The same goes for the messaging of McDonald’s. In the U.S., the chain is known for fast, cheap food. Its marketing shows happy people, but also highlights bargain prices.
In developing markets, eating at McDonald’s is a status symbol. People dress up and go on Sundays with their families. So in these markets, McDonald’s marketing relies less on price, and more on the experience of being in the restaurant.
Make your outreach on point
When you do outreach towards websites in other languages, you have to be on point every time. International SEOs don’t have the luxury of sending out hundreds of generic outreach emails at a time, knowing that there are always more fish in the sea – because the reality is, there aren’t.
Prospect with tools and by hand
Once we’ve determined the verticals that are relevant to a website or a particular piece of content, we get to work looking for relevant sites.
The first place we look is our client’s own existing backlinks, in a process called link reclamation. If the site has been around for a while, or has been doing great work in English, we can find any links from foreign language sites and ask the owner to change the link to a more appropriate page. (Editor’s Note: Raven’s Backlink Explorer makes finding backlinks simple.)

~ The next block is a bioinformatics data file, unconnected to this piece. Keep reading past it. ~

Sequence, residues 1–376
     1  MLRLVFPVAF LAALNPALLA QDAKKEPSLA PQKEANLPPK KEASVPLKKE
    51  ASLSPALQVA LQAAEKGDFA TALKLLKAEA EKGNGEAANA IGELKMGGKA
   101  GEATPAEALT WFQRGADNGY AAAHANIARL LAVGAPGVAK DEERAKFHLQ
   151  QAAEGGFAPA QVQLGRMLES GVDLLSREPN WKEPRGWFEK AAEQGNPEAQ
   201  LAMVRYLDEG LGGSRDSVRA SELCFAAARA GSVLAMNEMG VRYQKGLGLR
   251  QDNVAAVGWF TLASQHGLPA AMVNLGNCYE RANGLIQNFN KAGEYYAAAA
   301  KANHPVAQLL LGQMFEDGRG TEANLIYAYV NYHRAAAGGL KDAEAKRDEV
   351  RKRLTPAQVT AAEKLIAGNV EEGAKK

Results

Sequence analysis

We can also repeat this process looking at the backlinks of our competitors.
Next, we use advanced search operators based on our keywords and verticals to find more prospects. Like most SEOs, we’re always in a time crunch, so we use tools like the Prospector Tool from Citation Labs. They are making an effort to localize the tool for languages other than English, and it’s an excellent way to get an initial prospect list.
But even that list is going to have many sites that are simply not relevant to our outreach effort. We manually go through and look at every site to determine whether or not it’s a good fit for the campaign.
I’ve been collecting data about the most successful ways to conduct outreach for Spanish SEO, and reaching out to prospects via social media is twice as successful as email or contact forms for us.
Our first choice is always to contact prospects via Facebook. If we can find them there, then first touch is a short message letting them know that we found their page as part of some research we are doing and asking them for an email address so that we can chat further.
If outreach takes place via Twitter, the message is even shorter, but with the same general message – something like, “We’ve got something you might be interested in, please DM us your email”.